I’m not a fan of the EU, but one solution could be to have all third sector funding channelled through a central EU/ECJ arm which would impose its own priorities, standards and a relatively higher level of impartiality and independence. It would certainly free the third sector from having to toady up to LAs, the police, social services/NHS et al.

        What is crystal clear now is that public institutions are thoroughly corrupt, certainly in the sense that they have lost their moral compass and do not serve the public.
        If we do not radically alter the way (and not necessarily the amount of funding ) victim support is funded and delivered and instil humane ethics then the cover ups will carry on and on and on.

      • Yes and our bitish bobby on the beat is doing a marvellous job … haha..

  6. That was great, Gojam – thanks!
    I can think of a few more factors, historic contributing factors of a more general nature rather than specific to the UK situation.
    1) Predjudicial attitudes that rationalized victim-blaming. Ignorant and judgemental attitudes about children in care & their families, about the sexuality of children and youth generally, about gay youth and sexually active girls specifically – held by administrators in a range of relevant fields. This is still a factor today, judging by recent reports on grooming gang victimization. The idea that “morally corrupt” youth, (or even children!), sexually seduce older persons in their lives, and if those older persons are generally “of good character” then they shouldn’t be blamed if their attempts to placate the young vixens happened to “cross the line” a bit. “Yes, the adult shouldn’t have done whatever they did and may even have broken the law, but we all understand that the little sl*t or qu*er was at fault so let’s forgive our colleague and move on” – some would say and have said. No need to mention any of this unpleasantness to future employers…
    2) At the other end of the spectrum, lunatic theories about the dangers of sexually repressed childhoods and the benefits of “natural” sexual development. Way back in the day of Sigmund Freud and the first psychotherapists, theories that linked adult “frigidity” and sexual dysfunctions to the hysterical repression of, and punishment for, their own childhood sexual curiosity were becoming popular. There is some truth to this theory, in some cases, of course. However, parallel theories that the solution to repressed sexuality dysfunction was to encourage fully mature sexual activity by children as soon as they showed any interest in it, or at least that the adults in a child’s life should never, ever interfere in the child’s sex life, were also popularized in the modern era. Obviously, such theories are a goldmine of rationalization for pedophiles and child abusers, who could be expected to exploit them for their own perverted purposes. But such theories were widely held and sincerely believed in many people, particularly in the countercultures of the 50’s, 60’s & 70’s. It’s not true that only pedophiles propagated such lunatic beliefs. And I have no doubt that some child institution staff, believing themselves to be thoroughly modern “progressives”, thought they were helping children in their care to experience “natural sexual development” by ignoring and doing nothing to prevent sexual relationships of any kind, with anyone.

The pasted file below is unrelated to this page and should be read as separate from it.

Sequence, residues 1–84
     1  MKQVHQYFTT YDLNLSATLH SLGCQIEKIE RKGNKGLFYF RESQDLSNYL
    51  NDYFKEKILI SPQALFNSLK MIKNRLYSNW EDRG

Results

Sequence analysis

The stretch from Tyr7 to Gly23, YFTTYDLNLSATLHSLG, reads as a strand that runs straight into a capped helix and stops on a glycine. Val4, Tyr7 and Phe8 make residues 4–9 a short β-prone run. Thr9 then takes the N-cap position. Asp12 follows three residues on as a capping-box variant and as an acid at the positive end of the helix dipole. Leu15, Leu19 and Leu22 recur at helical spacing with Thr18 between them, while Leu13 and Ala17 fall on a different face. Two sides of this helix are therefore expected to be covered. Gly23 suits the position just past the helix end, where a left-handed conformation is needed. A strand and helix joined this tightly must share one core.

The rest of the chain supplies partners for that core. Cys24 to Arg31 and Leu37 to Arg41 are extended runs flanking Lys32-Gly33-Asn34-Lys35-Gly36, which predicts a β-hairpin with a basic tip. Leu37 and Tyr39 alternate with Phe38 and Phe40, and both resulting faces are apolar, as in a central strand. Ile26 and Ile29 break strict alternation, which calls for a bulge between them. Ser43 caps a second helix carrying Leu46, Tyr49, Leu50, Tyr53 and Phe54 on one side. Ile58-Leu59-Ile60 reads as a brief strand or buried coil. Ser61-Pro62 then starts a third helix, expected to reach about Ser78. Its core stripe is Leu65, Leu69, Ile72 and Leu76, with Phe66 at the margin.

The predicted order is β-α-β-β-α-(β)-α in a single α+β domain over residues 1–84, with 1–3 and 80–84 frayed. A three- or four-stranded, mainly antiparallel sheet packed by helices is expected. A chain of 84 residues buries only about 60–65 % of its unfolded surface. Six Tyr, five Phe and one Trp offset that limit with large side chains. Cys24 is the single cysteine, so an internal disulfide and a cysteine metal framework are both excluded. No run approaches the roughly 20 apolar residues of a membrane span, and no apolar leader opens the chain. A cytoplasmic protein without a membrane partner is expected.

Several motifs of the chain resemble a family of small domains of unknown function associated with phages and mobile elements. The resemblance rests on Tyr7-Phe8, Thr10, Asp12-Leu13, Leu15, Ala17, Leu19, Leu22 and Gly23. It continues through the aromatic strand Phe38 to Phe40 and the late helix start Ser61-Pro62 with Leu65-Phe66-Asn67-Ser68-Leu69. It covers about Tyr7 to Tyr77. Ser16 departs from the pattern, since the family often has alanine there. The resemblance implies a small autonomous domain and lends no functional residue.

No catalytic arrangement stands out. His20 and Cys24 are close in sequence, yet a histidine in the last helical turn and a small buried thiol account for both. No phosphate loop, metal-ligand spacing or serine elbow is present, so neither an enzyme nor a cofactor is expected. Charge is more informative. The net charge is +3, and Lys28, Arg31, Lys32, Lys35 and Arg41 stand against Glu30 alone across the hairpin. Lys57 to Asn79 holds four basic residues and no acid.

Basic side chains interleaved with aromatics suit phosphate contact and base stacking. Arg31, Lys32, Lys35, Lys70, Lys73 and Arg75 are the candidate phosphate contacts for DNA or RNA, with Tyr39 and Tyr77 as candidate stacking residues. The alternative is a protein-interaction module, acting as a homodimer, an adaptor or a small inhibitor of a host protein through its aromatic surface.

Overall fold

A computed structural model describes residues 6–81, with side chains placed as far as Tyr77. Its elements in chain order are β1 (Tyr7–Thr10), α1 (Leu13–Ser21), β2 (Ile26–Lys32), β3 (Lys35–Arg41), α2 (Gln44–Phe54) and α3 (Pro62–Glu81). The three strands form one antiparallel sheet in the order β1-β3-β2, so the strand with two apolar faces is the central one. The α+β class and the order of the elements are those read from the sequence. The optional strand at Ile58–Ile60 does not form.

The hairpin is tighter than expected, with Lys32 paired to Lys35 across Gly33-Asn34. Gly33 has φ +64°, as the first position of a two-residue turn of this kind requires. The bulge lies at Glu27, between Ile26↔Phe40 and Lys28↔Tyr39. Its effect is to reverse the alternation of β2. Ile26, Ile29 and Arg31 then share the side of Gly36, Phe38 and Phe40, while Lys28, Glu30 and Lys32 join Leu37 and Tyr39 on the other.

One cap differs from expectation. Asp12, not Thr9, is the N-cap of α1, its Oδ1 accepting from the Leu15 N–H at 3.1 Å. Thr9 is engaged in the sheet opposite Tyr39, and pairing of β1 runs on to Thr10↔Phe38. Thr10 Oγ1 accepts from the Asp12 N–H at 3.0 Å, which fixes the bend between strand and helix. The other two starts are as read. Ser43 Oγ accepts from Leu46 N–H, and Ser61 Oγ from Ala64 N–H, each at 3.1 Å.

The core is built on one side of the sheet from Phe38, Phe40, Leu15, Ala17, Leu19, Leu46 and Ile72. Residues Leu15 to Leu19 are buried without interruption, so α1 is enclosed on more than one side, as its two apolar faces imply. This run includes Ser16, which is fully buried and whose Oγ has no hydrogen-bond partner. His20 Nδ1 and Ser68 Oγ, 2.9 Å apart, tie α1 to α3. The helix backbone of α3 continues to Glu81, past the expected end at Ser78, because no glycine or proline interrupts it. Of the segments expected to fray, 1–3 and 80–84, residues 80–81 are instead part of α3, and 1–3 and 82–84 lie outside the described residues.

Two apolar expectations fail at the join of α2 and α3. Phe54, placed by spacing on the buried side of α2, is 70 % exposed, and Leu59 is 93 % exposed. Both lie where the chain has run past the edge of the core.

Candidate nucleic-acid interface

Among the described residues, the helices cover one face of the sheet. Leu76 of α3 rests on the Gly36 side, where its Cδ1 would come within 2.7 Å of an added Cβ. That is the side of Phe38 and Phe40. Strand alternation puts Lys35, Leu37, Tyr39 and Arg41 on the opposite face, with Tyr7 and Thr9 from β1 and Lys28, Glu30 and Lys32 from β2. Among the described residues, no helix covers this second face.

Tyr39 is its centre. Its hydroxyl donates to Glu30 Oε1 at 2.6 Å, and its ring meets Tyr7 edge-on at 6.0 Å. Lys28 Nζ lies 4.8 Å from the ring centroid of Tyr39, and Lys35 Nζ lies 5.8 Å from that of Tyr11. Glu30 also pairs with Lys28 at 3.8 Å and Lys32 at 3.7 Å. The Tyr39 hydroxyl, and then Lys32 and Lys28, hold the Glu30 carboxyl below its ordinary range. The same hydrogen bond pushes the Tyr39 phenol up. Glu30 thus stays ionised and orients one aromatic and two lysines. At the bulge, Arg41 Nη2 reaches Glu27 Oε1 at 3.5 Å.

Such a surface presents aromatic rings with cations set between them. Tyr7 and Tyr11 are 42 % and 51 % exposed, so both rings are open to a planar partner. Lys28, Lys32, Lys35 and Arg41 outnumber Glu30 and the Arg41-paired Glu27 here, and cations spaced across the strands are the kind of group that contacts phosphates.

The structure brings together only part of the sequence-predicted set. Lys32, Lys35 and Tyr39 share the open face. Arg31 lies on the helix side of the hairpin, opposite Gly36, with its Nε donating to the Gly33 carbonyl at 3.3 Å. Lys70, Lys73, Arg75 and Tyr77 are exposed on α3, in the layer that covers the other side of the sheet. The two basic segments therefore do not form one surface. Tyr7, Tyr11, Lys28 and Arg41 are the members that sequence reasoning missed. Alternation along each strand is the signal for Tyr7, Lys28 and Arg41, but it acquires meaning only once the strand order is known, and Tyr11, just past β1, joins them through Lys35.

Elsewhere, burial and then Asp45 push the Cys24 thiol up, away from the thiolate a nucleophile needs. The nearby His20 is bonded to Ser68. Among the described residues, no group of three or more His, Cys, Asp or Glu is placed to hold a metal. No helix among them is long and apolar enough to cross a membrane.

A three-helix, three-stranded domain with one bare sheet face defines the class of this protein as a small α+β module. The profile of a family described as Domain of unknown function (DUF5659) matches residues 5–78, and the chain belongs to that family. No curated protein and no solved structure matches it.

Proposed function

7. paul m

    just saw on itv news the journalist saying “victims” were unable or unwilling to corroborate allegations. I fear this could go the way of the Iraqi war crimes inquiry,lots of allegations but nothing proven.

    • Sam

      Please see my comment above on the way that victims are most often bullied into silence.

      In reality, all public services work hand-in-glove to make life extremely difficult, even impossible, for anyone who stands up to report on crime, malpractice, cover-ups etc. The legal process does not protect victims/complainants. Quite the reverse in fact, it does everything it can to undermine anyone who comes forward with serious and evidenced complaints. It is a terrifying ordeal for anyone and worse for those who are already injured or disabled.

      Until you’ve been through the experience or closely engaged with someone who has, you can have no idea what public institutions get up to behind the scenes.

      And then the mainstream media just parrots nonsense like ‘victims are unable/unwilling to corroborate allegations’ without giving a moment’s thought to why that is.

      • Ah the ” so called victims” ..that one , my favourite so fat was from a claire cohen 3rd rate hack who claimed that victims groups were ” dictating” the the terms of the enquiry as if they held a loaded gun to Terry Mays head, overlooking the obvious which is the enquiry was setup on behalf of survivors and not a get together over tea and buns for the panel.

      • No, the Inquiry was not set up on behalf of survivors. The PT was but the CSA Inquiry was not. Until you realise that, you know nothing.

  8. ” The cover ups will carry on and on” too late they already are..

  9. There are cases of music schools giving no or minimal support or acknowledgment to past students who were abused in those schools, because they have been advised that to do so will lay the schools open to be sued, because of having admitted responsibility.

    • Thanks Ian. I think if the Inquiry does its job correctly we’ll find that this is a common factor. It’s not just about acknowledgement, it perpetuates it too as the offender is left unrecorded

  10. Pingback: What Went On In The UK’s Institutions? (Part 1) | theneedleblog